Apple will not make a spectacle to challenge Google Glass

THE Apple faithful looking on with envy as Google parades its hi-tech Glass are more likely to see an iWatch than a pair of iSpecs from the company, Apple's chief executive, Tim Cook, has suggested, saying the emerging market for wearable gadgets was "incredibly interesting".

Questioned at a technology conference in California about what he made of Google Glass, which has not yet been released but has already generated headlines around the world, Mr Cook said: "I think the likelihood that it has a broad range appeal - that's tough to see."

While unsurprisingly playing down his rival's chances of success, the Apple boss did endorse the potential of wearable gadgets.

"I think wearables is incredibly interesting. I think it could be a profound area for technology," he told the All Things D conference, an annual gathering organised by the technology website which attracts hordes of Silicon Valley bigwigs, as it opened this week.

Pushed during the question and answer session about what form Apple's wearable product - if one were to be produced - might take, Mr Cook said: "I wear glasses because I have to; I can't see without them… I don't know a lot of people that wear them that don't have to.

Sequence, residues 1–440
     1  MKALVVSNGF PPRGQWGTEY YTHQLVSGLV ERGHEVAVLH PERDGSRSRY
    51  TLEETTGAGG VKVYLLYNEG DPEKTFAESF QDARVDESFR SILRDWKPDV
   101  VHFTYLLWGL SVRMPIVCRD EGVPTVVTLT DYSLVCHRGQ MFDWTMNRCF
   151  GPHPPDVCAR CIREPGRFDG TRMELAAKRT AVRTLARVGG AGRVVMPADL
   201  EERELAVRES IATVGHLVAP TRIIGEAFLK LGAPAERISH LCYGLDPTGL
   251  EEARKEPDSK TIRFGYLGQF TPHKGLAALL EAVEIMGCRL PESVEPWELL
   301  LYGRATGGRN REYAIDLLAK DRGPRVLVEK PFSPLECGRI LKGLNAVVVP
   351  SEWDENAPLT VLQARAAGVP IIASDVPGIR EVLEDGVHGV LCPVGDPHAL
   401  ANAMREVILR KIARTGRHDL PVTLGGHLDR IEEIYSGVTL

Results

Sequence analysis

"I think from a mainstream point of view this [a product modelled on spectacles] is difficult to see."

What then? "I think the wrist is interesting," he said, holding up his arm to show a Nike Fuel+Band, which tracks a user's daily activity. "It's somewhat natural."

He did caution, however, that any product that targets the wrist would have to meet a very high standard in terms of what it can do to convince customers who have forsaken their wristwatch for their phone.

"I think for something to work [on a wrist] you first have to convince people it's so incredible that they want to wear it," he said, adding: "If we have a room full of 10 to 20-year-olds and we said, everybody stand up that has a watch on… I'm not sure anybody would stand up."

His comments come after months of speculation about the possibility of Apple moving in the direction of producing a smartwatch.

Meanwhile, as Wall Street - and customers - wait to see what Apple does next, Mr Cook also touched on the possibility of the company increasing its involvement in the TV market. It currently makes a box that allows users to access content from iTunes, Netflix, Hulu and other services on their TV.

Many, however, have been speculating about the possibility of an Apple smart TV, along the lines of the range currently produced by manufacturers such as Samsung.

Once again, Mr Cook would not be drawn on any details. But, talking about Apple TV and what the company might do in the area, he said: "It continues to be an area of great interest to us.

"When you look at the TV experience, it's not an experience that I think very many people love. It's not an experience you would say has been brought up to date for this decade."